TCM, along with Cartoon Network, Adult Swim, over-the-top video company Otter Media, will be moved directly under Warner Bros.. Speaking about the move, then-Warner Bros. CEO Kevin Tsujihara explained that TCM was "a natural fit with Warner Bros." due the company's massive film library. In 2000, TCM started the annual Young Composers Film Competition, inviting aspiring composers to participate in a judged competition that offers the winner of each year's competition the opportunity to score a restored, feature-length silent film as a grand prize, mentored by a well-known composer, with the new work subsequently premiering on the network; as of 2006, films that have been rescored include the 1921 Rudolph Valentino film Camille, two Lon Chaney films: 1921's The Ace of Hearts and 1928's Laugh, Clown and Greta Garbo's 1926 film The Temptress. In April 2010, Turner Classic Movies held the first TCM Classic Film Festival, an event—now held annually—at the Grauman's Chinese Theater and the Grauman's Egyptian Theater in Hollywood.
Hosted by Robert Osborne, the four-day long annual festival celebrates Hollywood and its movies, featured celebrity appearances, special events, screenings of around 50 classic movies including several newly restored by The Film Foundation, an organization devoted to preserving Hollywood's classic film legacy. Turner Classic Movies operates as a commercial-free service, with the only advertisements on the network being shown between features – which advertise TCM products, network promotions for upcoming special programs and the original trailers for films that are scheduled to be broadcast on TCM, featurettes about classic film actors and actresses. In addition to this, extended breaks between features are filled with theatrically released movie trailers and classic short subjects – from series such as The Passing Parade, Crime Does Not Pay, Pete Smith Specialties, Robert Benchley – under the banner name TCM Extras (formerly On
Bar 20 Justice
Bar 20 Justice is a 1938 American Western film directed by Lesley Selander and written by Arnold Belgard and Harrison Jacobs. The film stars William Boyd, George "Gabby" Hayes, Russell Hayden, Gwen Gaze, William Duncan and Pat J. O'Brien; the film was released on June 1938, by Paramount Pictures. This was the 16th entry in the "Hopalong Cassidy" western series. Bar 20 Justice was directed by Lesley Selander, who would helm 27 of the 66 "Cassidy" films. William Boyd as Hopalong Cassidy George "Gabby" Hayes as Windy Halliday Russell Hayden as Lucky Jenkins Gwen Gaze as Ann Dennis William Duncan as Buck Peters Pat J. O'Brien as Frazier Paul Sutton as Mine Foreman Slade John Beach as Denny Dennis Joe De Stefani as Assayer Perkins Walter Long as Duke Pierce Bruce Mitchell as Ross Bar 20 Justice on IMDb Bar 20 Justice at AllMovie Bar 20 Justice at the TCM Movie Database Bar 20 Justice at the American Film Institute Catalog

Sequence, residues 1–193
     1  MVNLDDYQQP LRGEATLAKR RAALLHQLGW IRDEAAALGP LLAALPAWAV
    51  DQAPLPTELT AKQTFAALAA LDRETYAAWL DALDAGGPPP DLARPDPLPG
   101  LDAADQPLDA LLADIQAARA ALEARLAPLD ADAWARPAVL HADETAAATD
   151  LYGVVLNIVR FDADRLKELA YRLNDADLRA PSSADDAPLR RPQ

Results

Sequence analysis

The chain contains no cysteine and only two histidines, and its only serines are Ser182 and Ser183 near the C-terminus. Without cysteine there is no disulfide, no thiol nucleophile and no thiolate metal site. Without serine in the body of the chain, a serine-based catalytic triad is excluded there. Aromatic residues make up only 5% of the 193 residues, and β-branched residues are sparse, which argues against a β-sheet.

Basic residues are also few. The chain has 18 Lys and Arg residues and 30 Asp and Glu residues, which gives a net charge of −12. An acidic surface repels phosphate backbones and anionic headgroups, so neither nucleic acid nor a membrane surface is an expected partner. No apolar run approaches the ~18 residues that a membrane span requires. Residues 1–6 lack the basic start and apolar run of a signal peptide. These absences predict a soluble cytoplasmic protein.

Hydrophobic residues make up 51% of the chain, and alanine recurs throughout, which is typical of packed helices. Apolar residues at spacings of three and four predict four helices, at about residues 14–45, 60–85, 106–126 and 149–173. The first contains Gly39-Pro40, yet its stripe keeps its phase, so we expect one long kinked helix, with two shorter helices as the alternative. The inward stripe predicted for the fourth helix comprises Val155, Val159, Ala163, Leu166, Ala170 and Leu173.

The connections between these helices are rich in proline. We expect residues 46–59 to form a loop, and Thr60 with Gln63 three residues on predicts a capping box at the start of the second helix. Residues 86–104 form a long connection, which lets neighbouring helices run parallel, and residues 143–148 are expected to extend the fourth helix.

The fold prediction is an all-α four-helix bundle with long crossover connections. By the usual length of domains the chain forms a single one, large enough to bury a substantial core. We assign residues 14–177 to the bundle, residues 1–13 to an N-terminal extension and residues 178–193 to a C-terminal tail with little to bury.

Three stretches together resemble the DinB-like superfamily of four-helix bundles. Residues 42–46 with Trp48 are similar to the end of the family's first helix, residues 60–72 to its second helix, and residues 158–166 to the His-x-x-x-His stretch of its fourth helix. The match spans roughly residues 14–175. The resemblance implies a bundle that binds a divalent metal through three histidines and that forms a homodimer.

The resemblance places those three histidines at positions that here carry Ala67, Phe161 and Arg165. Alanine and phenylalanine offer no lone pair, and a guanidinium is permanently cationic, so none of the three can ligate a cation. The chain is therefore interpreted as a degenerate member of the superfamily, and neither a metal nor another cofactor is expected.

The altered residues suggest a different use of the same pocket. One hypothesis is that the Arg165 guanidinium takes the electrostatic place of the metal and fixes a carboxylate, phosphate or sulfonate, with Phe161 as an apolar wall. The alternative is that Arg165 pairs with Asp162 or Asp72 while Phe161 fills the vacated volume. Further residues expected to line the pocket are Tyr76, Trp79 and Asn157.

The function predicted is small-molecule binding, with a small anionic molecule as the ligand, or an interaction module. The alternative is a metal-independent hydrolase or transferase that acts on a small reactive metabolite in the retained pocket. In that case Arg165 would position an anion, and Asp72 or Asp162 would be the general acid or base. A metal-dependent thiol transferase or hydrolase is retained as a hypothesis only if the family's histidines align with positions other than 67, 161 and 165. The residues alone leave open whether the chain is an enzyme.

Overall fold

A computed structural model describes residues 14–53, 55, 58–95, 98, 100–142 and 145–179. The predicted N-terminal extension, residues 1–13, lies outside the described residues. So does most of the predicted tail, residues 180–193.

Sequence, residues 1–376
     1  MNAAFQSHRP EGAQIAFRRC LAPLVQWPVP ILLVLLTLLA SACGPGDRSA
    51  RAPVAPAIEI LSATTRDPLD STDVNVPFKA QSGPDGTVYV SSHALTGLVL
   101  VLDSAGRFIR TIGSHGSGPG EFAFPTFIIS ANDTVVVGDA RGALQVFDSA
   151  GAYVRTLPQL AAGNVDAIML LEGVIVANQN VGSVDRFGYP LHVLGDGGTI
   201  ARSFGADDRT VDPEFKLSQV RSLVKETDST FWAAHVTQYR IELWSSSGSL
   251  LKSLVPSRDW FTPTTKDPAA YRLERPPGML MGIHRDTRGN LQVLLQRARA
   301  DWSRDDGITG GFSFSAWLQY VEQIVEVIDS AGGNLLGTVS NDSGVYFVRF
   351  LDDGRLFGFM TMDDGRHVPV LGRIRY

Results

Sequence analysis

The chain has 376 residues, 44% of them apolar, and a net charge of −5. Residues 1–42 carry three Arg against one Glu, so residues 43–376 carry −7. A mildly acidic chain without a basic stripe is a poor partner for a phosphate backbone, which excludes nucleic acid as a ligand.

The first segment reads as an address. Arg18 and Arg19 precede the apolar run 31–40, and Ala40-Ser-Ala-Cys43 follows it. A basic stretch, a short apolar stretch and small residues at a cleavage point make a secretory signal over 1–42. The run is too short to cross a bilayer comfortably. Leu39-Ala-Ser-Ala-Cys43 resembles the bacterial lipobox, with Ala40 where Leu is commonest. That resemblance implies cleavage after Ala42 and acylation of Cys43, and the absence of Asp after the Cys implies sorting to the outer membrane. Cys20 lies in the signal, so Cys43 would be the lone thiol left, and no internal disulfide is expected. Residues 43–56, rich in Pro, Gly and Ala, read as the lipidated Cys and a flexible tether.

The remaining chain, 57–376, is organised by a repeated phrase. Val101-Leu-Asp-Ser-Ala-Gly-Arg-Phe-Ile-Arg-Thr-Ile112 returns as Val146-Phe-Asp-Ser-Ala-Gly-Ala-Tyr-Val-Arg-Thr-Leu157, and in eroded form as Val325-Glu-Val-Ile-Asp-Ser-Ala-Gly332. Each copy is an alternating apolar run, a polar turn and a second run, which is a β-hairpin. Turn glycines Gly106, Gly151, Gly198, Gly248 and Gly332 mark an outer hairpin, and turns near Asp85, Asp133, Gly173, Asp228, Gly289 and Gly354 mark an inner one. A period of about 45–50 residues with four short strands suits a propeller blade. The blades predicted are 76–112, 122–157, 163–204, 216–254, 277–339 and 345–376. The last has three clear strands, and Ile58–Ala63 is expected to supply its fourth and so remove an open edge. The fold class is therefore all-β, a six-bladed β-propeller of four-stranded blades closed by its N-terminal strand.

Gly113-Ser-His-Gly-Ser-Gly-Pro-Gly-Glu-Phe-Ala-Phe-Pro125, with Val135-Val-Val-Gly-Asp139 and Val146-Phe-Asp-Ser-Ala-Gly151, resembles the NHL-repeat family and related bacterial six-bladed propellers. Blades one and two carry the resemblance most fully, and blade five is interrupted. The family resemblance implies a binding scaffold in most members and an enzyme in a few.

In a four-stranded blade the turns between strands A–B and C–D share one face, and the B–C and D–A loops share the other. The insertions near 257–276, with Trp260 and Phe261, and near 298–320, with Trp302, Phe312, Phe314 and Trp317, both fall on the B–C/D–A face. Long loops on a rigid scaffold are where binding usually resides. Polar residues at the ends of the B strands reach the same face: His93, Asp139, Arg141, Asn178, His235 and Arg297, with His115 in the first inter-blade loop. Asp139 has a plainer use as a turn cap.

Stagecoach War is a 1940 American Western film directed by Lesley Selander, written by Norman Houston and Harry F. Olmsted, starring William Boyd, Russell Hayden, Julie Carter, Harvey Stephens, J. Farrell MacDonald, Britt Wood and Rad Robinson, it was released on July 1940, by Paramount Pictures. William Boyd as Hopalong Cassidy Russell Hayden as Lucky Jenkins Julie Carter as Shirley Chapman Harvey Stephens as Neal Holt J. Farrell MacDonald as Jeff Chapman Britt Wood as Speedy Rad Robinson as Gang Leader Smiley Eddy Waller as Wells Fargo Agent Quince Cobalt Frank Lackteen as Twister Maxwell Jack Rockwell as Matt Gunther Eddie Dean as Henchman Tom The King's Men as Singing Outlaws Stagecoach War on IMDb Stagecoach War at AllMovie Stagecoach War at the TCM Movie Database Stagecoach War at the American Film Institute Catalog